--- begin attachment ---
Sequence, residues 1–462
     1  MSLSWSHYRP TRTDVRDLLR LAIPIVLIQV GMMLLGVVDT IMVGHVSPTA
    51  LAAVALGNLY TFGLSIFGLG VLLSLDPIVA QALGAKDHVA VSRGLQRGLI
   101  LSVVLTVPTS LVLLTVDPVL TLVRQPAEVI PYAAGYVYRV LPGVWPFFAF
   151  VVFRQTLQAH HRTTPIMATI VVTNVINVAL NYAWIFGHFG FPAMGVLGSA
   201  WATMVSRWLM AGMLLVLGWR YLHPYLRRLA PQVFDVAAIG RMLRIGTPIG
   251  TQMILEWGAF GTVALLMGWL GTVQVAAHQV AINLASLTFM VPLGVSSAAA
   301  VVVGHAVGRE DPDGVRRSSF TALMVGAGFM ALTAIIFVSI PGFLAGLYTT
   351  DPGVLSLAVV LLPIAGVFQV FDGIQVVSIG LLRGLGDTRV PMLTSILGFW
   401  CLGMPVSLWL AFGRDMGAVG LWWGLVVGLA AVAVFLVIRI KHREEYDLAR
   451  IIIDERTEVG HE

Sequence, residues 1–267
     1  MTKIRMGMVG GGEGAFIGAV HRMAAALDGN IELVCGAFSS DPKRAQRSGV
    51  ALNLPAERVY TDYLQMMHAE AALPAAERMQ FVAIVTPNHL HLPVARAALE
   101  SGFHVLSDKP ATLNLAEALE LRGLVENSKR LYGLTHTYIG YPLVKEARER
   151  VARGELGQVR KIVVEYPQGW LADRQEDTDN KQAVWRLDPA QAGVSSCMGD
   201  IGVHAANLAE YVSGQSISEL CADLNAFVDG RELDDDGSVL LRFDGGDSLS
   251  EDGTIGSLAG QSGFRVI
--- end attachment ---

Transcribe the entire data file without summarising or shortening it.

Sequence, residues 1–462
     1  MSLSWSHYRP TRTDVRDLLR LAIPIVLIQV GMMLLGVVDT IMVGHVSPTA
    51  LAAVALGNLY TFGLSIFGLG VLLSLDPIVA QALGAKDHVA VSRGLQRGLI
   101  LSVVLTVPTS LVLLTVDPVL TLVRQPAEVI PYAAGYVYRV LPGVWPFFAF
   151  VVFRQTLQAH HRTTPIMATI VVTNVINVAL NYAWIFGHFG FPAMGVLGSA
   201  WATMVSRWLM AGMLLVLGWR YLHPYLRRLA PQVFDVAAIG RMLRIGTPIG
   251  TQMILEWGAF GTVALLMGWL GTVQVAAHQV AINLASLTFM VPLGVSSAAA
   301  VVVGHAVGRE DPDGVRRSSF TALMVGAGFM ALTAIIFVSI PGFLAGLYTT
   351  DPGVLSLAVV LLPIAGVFQV FDGIQVVSIG LLRGLGDTRV PMLTSILGFW
   401  CLGMPVSLWL AFGRDMGAVG LWWGLVVGLA AVAVFLVIRI KHREEYDLAR
   451  IIIDERTEVG HE

Sequence, residues 1–267
     1  MTKIRMGMVG GGEGAFIGAV HRMAAALDGN IELVCGAFSS DPKRAQRSGV
    51  ALNLPAERVY TDYLQMMHAE AALPAAERMQ FVAIVTPNHL HLPVARAALE
   101  SGFHVLSDKP ATLNLAEALE LRGLVENSKR LYGLTHTYIG YPLVKEARER
   151  VARGELGQVR KIVVEYPQGW LADRQEDTDN KQAVWRLDPA QAGVSSCMGD
   201  IGVHAANLAE YVSGQSISEL CADLNAFVDG RELDDDGSVL LRFDGGDSLS
   251  EDGTIGSLAG QSGFRVI